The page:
Crush Injuries

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  • What is a crush injury of the lower limb?
  • What are the treatment options for the crush
    injuries of the lower limb?
  • Which individuals are eligible for the surgery?
  • How should I prepare for the surgery?
  • What will happen during the surgery?
  • What is the aftercare of the surgery?
  • What are the post-surgical considerations?

What is a crush injury of the lower limb?

A crush injury to the foot or lower limb is a physical injury caused by the compression between two hard objects which results in severe bone and soft tissue injury. Depending on the force or pressure there are varying degrees of crush injuries which include:

  • Simple injuries which may be due to heavy objects falling on the feet
  • Moderate injuries which may be due to auto accidents
  • Severe injuries which can occur when heavy machinery is running over a foot or in natural disasters such as earthquakes.

Damage due to crush injuries can be manifested as lacerations, bruising, fractures, nerve damage or vascular injury to the limb.

You may experience severe pain, swelling in the leg, numbness and tingling, change in skin color of the leg, and coldness to the leg and foot if you have crush injury.

Crush injuries with moderate to severe nature require immediate attention due to the high risk of death of tissue caused by a compromised blood supply to the area.

Another major risk of crush injuries is compartment syndrome which may lead to diminished healing causing necrosis, and death of the tissues. Another serious complication of crush injuries is crush syndrome or Rhabdomyolysis which may lead to renal failure, irregular heartbeat, disability and even death.

What are the treatment options for the crush injuries of the lower limb?

You doctor will diagnose crush injuries by performing a physical examination and by asking about the history of the accident. Diagnostic tests such as X-rays to assess for bone fractures and MRI and CT scans to assess extent of tissue damage. Blood tests are performed to assess blood loss and Rhabdomyolysis.

Your surgeon will closely assess the injury and decide upon the treatment strategy depending on the extent of deformity of the lower limb.

Which individuals are eligible for the surgery?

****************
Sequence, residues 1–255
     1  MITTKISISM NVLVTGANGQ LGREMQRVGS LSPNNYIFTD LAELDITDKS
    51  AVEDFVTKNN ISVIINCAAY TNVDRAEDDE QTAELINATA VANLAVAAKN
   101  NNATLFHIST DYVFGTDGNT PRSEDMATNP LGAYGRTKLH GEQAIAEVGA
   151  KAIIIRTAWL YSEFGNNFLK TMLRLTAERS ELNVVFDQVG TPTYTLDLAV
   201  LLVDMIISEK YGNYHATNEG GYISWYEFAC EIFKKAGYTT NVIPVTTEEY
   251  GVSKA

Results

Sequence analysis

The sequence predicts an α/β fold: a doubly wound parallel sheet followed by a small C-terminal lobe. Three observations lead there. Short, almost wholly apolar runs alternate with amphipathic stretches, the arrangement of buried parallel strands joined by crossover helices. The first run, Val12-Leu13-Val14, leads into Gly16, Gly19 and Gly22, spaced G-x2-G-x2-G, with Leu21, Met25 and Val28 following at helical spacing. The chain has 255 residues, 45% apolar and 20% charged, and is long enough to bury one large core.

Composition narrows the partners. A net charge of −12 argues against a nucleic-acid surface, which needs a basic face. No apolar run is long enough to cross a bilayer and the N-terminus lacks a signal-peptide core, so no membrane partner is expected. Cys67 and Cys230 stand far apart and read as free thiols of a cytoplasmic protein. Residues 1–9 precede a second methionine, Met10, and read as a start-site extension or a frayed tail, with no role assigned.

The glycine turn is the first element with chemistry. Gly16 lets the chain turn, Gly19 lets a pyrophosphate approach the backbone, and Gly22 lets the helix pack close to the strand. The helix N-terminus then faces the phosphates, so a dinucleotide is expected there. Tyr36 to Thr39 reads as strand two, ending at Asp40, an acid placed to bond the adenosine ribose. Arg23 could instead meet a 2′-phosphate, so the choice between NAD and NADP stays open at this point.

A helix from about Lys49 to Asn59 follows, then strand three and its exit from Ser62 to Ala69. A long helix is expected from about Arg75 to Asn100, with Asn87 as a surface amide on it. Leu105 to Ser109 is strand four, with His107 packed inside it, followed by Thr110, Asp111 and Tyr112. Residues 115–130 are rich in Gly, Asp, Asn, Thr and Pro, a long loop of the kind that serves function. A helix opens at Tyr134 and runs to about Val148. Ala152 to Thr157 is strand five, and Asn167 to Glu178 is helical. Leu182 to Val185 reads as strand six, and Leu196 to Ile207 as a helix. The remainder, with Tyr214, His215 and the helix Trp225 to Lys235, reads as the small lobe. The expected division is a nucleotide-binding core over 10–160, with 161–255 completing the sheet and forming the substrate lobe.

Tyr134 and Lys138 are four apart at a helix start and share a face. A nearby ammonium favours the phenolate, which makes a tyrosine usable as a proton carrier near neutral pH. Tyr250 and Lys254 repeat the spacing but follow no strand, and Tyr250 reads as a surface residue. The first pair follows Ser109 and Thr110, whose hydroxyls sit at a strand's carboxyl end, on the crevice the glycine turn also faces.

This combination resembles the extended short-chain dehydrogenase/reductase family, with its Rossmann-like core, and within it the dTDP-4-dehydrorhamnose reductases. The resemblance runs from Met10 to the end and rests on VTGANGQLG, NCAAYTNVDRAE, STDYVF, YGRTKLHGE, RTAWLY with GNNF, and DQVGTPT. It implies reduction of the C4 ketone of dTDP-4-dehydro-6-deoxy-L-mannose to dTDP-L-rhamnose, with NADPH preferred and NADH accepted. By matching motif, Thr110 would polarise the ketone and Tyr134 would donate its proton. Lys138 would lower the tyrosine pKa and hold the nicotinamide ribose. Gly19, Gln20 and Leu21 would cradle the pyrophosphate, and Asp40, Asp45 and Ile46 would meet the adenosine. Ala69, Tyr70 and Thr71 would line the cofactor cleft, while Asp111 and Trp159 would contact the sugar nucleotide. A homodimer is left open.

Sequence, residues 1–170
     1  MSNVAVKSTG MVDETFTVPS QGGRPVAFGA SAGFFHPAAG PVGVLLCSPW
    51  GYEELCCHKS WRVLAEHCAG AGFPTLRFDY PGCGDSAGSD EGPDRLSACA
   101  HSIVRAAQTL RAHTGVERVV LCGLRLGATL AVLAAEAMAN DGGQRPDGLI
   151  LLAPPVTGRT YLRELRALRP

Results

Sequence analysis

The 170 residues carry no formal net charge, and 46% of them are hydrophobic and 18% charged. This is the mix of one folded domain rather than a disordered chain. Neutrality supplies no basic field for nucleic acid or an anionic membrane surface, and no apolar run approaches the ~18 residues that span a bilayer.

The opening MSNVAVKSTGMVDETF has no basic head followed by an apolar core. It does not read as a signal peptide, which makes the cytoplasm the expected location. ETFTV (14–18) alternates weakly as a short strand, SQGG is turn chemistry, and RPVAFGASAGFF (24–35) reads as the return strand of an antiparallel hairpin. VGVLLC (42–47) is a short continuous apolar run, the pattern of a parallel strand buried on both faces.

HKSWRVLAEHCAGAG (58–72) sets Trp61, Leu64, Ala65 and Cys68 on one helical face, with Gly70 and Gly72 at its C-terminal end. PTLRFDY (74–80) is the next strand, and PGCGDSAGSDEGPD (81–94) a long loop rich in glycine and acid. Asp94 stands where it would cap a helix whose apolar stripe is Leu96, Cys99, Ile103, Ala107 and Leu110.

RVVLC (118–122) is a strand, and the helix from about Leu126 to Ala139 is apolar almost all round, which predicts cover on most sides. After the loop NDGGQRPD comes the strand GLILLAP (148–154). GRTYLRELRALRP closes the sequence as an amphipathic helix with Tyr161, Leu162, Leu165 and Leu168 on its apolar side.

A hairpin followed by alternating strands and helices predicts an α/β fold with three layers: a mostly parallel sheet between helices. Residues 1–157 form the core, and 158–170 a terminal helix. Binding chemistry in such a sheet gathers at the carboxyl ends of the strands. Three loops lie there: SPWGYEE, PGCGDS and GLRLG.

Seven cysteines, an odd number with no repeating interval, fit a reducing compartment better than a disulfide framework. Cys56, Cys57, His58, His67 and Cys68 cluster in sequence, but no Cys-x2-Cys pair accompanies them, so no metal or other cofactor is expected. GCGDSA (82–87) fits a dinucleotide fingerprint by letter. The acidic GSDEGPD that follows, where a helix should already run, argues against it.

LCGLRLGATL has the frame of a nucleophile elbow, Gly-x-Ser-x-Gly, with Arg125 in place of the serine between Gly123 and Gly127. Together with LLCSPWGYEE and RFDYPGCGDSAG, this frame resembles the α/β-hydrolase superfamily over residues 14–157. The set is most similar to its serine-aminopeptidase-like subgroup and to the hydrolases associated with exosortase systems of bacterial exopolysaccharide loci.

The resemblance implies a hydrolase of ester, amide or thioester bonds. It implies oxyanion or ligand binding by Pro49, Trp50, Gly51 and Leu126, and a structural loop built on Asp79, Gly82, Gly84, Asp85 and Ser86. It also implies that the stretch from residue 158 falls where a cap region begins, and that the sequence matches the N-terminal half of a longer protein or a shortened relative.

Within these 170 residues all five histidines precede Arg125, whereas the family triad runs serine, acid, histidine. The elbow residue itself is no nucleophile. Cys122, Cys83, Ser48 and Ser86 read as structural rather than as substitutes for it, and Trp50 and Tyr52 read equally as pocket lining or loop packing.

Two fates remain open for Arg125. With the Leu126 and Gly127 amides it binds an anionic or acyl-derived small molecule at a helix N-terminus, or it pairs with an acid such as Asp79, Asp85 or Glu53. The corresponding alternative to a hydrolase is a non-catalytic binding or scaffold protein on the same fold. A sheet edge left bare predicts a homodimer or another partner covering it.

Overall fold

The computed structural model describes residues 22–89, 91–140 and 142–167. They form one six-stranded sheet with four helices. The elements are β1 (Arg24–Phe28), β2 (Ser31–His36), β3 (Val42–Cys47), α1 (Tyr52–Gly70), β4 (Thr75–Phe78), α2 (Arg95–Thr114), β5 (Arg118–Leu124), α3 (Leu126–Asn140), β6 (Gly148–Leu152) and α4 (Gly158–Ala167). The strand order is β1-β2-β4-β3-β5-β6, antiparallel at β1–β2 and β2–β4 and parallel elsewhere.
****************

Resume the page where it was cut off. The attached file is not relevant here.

The surgery is recommended and performed on an emergency basis. Therefore, most individuals will be eligible for surgery once hemodynamically stabilized.

How should I prepare for the surgery?

if crush injury leads to compartmental syndrome and crush syndrome (rhabdomyolysis) then Fasciotomy is usually performed in an emergency condition. So, you may not require any preparation for the surgery.

What will happen during the surgery?

Reconstructive surgery may involve many steps or settings, which may be spaced apart to help tissues and patient recover.

  • Surgical debridement and repair of damaged tissues
    • Devitalized tissues are removed and vital structures are preserved.
    • Contamination in tissues is cleaned and excised.
  • Bony fixation is done early to stabilized the limb
  • Soft tissue coverage for areas of soft tissue loss or exposure of vital structures

What is the aftercare of the surgery?

Your affected extremity will be elevated 24 to 48 hours after the surgery which will help to decrease swelling and pain. If necrotic muscle develops, you are returned to the operating room for excision of the developed necrotic muscle.

Follow the instructions carefully for better recovery:

  • Take the prescribed medications on time. Your doctor may prescribe antibiotics to reduce the risk of infection.
  • Avoid smoking and alcohol as they can cause tissue damage and prolong the recovery.
  • Do not forget to follow the stretching and strengthening exercises suggested by your physiotherapist.
  • Take a diet rich in glucose or fructose; that helps in decreasing the pain and fatigue associated with the surgery. 

What are the post-surgical considerations?

Soon after the surgery, you may experience mild to moderate pain at the surgical site. Do not worry, take the medications on time.

Development of blood clots is the common surgical complication. Other complications include skin sloughing, infection, muscle weakness or damage, nerve or blood vessel injury, and scarring.

Call your surgeon immediately if,

  • There is a severe pain at the surgical site and does not relieve with analgesics.
  • The skin near the injured area turns blue and if you feel cold and numb.
  • There is swelling in the injured.
  • You have trouble moving the injured extremity.

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